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Disappointment lingers for Quebec teachers after tense contract negotiations

Veteran teacher Gisèle Marcoux has been back at work at Notre-Dame-de-Grace Annexe since January, but received her first paycheque of the year last week due to the strike. Erin Seize/Global News

Teacher Appreciation Week, which is held every February, took on a new meaning this year in Quebec after the education sector was rocked by strikes.

Some teachers say they feel supported by parents and their bosses, but not by the Legault government in the aftermath of the strike and tense contract talks. The public-sector walkouts marked the third largest strike in North America, according to McGill University sociology professor of labour movements Barry Eidlin.

Gisèle Marcoux, a kindergarten teacher at Notre-Dame-de-Grâce Annexe school in Montreal, has “felt a difference” since the strike. She has been a teacher for 31 years.

“[The parents of students] know how hard it is for us. They see it, they hear it from their own kids,” she said.
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“The parents have been extraordinary,” said Desea Trujillo, another kindergarten teacher at the same school. “They created a food bank for us. They asked for donations on Monkland (Avenue). They did a GoFundMe, they gave us each $150 in gift cards for groceries.”

Parents showed their gratitude for teachers at Notre-Dame-de-Grâce Annexe elementary school with flowers and goodies for Teacher Appreciation Week on Feb. 8, 2024.
Parents showed their gratitude for teachers at Notre-Dame-de-Grâce Annexe elementary school with flowers and goodies for Teacher Appreciation Week on Feb. 8, 2024. Courtesy of Gisèle Marcoux

While Trujillo and Marcoux feel appreciated by parents and colleagues, they say the Quebec government has failed them.

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During the strikes, over 560,000 public sector workers walked out. Hundreds of thousands took to the picket lines across the province.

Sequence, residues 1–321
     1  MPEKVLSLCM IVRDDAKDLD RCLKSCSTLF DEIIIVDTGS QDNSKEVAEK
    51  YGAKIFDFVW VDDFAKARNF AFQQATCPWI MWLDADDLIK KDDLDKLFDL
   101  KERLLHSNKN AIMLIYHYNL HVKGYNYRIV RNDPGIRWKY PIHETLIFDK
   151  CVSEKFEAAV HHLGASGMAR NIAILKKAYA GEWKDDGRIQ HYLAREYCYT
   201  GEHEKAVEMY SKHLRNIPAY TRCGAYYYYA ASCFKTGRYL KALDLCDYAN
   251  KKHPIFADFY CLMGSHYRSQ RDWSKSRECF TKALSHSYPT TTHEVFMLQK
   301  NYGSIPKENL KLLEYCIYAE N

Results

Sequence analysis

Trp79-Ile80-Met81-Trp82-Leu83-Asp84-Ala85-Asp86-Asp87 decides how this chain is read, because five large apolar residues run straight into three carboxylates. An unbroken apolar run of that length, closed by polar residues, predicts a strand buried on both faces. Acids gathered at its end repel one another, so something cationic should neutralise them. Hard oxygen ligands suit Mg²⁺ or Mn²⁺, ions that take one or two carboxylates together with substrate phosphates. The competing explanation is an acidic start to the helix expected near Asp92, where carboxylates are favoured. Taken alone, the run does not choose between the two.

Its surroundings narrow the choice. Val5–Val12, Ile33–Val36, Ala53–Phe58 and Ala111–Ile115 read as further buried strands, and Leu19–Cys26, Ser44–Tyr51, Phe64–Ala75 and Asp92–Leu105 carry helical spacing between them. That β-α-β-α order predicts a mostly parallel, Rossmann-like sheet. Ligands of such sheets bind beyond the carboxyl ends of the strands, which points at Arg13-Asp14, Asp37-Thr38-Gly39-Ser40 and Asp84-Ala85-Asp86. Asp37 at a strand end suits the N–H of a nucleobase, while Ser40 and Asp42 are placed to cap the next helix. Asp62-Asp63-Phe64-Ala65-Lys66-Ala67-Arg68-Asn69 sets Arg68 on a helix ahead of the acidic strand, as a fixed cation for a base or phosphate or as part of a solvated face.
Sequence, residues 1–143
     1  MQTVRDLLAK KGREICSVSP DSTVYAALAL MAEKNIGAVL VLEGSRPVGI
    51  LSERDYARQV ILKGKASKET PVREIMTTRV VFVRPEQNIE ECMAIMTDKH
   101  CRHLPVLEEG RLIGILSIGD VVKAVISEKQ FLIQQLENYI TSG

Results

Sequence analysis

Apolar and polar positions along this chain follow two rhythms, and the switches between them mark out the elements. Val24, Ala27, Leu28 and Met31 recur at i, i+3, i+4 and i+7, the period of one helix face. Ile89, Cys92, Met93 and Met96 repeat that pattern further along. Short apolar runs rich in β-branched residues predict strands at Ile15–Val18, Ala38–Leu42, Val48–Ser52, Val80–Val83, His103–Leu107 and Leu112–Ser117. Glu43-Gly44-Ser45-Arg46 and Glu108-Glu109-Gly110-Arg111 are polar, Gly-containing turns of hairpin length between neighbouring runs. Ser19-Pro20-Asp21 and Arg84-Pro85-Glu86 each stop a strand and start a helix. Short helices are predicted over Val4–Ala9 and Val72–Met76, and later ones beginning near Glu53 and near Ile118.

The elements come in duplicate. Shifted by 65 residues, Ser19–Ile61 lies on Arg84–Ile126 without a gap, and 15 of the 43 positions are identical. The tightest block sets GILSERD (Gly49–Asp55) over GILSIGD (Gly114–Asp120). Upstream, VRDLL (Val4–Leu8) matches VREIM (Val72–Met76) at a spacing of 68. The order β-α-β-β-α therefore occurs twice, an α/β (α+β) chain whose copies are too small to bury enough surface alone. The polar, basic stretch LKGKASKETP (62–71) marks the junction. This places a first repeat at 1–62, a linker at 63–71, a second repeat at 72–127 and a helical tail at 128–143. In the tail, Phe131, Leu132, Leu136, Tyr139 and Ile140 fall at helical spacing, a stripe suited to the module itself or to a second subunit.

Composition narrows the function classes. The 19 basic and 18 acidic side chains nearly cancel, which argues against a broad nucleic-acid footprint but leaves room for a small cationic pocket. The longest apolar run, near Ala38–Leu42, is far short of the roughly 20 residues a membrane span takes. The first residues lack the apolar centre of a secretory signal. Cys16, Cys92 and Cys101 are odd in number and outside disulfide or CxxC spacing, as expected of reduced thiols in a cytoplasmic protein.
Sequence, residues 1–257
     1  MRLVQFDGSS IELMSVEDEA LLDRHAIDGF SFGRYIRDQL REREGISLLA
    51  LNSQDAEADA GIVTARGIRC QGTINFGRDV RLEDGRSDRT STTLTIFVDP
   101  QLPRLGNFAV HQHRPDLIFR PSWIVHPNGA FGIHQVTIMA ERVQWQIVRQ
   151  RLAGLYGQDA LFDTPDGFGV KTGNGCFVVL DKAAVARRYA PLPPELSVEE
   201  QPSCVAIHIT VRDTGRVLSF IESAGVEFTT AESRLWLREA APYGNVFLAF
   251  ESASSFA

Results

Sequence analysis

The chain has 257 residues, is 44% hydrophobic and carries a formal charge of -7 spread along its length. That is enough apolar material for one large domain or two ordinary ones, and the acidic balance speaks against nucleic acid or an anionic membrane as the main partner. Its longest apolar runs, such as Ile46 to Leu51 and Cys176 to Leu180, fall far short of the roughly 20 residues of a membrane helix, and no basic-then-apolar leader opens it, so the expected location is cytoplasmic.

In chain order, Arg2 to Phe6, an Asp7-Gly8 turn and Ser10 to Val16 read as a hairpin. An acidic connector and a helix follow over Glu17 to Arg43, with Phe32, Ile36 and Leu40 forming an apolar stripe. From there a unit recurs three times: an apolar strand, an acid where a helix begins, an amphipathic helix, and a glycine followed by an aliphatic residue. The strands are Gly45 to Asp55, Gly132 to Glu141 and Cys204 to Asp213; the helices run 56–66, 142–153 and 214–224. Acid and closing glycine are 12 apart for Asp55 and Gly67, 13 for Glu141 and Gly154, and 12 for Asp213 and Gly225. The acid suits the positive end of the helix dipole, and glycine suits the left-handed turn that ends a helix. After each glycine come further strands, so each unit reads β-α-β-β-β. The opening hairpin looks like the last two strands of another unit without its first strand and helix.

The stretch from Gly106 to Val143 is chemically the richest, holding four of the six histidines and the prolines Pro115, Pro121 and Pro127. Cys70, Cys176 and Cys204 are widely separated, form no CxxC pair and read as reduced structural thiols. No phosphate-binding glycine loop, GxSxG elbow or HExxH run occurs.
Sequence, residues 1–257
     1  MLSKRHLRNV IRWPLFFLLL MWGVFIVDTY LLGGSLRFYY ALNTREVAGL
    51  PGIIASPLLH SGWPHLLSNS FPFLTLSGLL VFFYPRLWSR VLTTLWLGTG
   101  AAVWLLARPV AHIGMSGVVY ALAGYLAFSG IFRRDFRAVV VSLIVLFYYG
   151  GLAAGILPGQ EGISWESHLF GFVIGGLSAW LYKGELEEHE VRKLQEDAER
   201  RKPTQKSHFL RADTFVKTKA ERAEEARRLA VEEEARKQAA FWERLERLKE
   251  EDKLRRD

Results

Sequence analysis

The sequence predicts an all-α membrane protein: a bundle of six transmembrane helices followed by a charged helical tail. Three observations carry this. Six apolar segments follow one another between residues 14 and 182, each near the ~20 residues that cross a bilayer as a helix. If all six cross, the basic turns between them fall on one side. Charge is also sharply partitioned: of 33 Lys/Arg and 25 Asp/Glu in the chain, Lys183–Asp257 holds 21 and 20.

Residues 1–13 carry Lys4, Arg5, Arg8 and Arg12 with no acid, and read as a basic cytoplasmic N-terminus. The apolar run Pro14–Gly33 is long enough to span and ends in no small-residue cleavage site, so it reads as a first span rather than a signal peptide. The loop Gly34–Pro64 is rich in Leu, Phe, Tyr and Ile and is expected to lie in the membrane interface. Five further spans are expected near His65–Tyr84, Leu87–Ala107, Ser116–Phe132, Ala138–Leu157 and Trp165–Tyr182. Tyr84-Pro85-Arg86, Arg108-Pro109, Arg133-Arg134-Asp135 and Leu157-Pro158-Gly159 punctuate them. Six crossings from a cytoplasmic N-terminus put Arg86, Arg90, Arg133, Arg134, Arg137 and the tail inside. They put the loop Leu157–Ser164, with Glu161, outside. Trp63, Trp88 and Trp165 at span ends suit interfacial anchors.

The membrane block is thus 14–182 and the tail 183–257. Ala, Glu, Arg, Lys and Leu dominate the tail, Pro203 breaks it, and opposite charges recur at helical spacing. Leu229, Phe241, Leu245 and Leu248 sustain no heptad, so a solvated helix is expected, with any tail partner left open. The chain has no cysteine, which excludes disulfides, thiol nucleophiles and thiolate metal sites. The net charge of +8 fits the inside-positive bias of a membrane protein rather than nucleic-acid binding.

The strike by the Fédération autonome de l’enseignement (FAE), a labour federation representing teachers at Trujillo and Marcoux’s school, shut about 800 schools for more than four weeks. It ratified its negotiations two weeks ago on a narrow majority of 50.58 per cent.

The new collective agreement includes a 17.4 per cent pay raise over five years, 5,000 more teachers in classes, and an increase in the number of classrooms. But unions have said teachers are disappointed with the government’s final offer, especially when it comes to to class composition and workload.

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Eidlin feels there is greater public appreciation for essential workers since the COVID-19 pandemic.

He says there are “groups of workers that were being proclaimed as essential workers but treated as disposable,” which Eidlin believes motivated the strike.

Desea Trujillo, left, and Gisèle Marcoux, right, are adjusting to life back in the classroom at Notre-Dame-de-Grâce Annexe elementary school on Feb., 2024.
Desea Trujillo, left, and Gisèle Marcoux, right, are adjusting to life back in the classroom at Notre-Dame-de-Grâce Annexe elementary school on Feb., 2024. Erin Seize/Global News

For teachers like Trujillo, the new deal is not enough.

“I’m disappointed and thinking of leaving public school,” said Trujillo. “There’s a private school that I have my eye on in another town,” even though the job at the private school would not be unionized.

“I wanted a result in the end because we were fighting for the rights of our children, the most vulnerable members of our society,” she said.

Global News reached out to the Quebec Education Ministry earlier this week about the teachers’ concerns, but did not receive a response.

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Trujillo and Marcoux are not alone in their dissatisfaction. FAE president Mélanie Hubert said in a recent press conference, “public schools are suffering, the teaching profession is suffering, teachers are suffering–and the public knows it.”

Despite the difficulties of the job, Marcoux and Trujillo enjoyed bonding with their colleagues during the strike.

“I felt like there was this social movement. We are half a million people on strike at the same time,” said Trujillo. “I live for that kind of stuff.”

with files from The Canadian Press and Global’s Annabelle Olivier

Click to play video: 'Quebec premier warns of bigger deficit due to surge in spending on teachers'
Quebec premier warns of bigger deficit due to surge in spending on teachers

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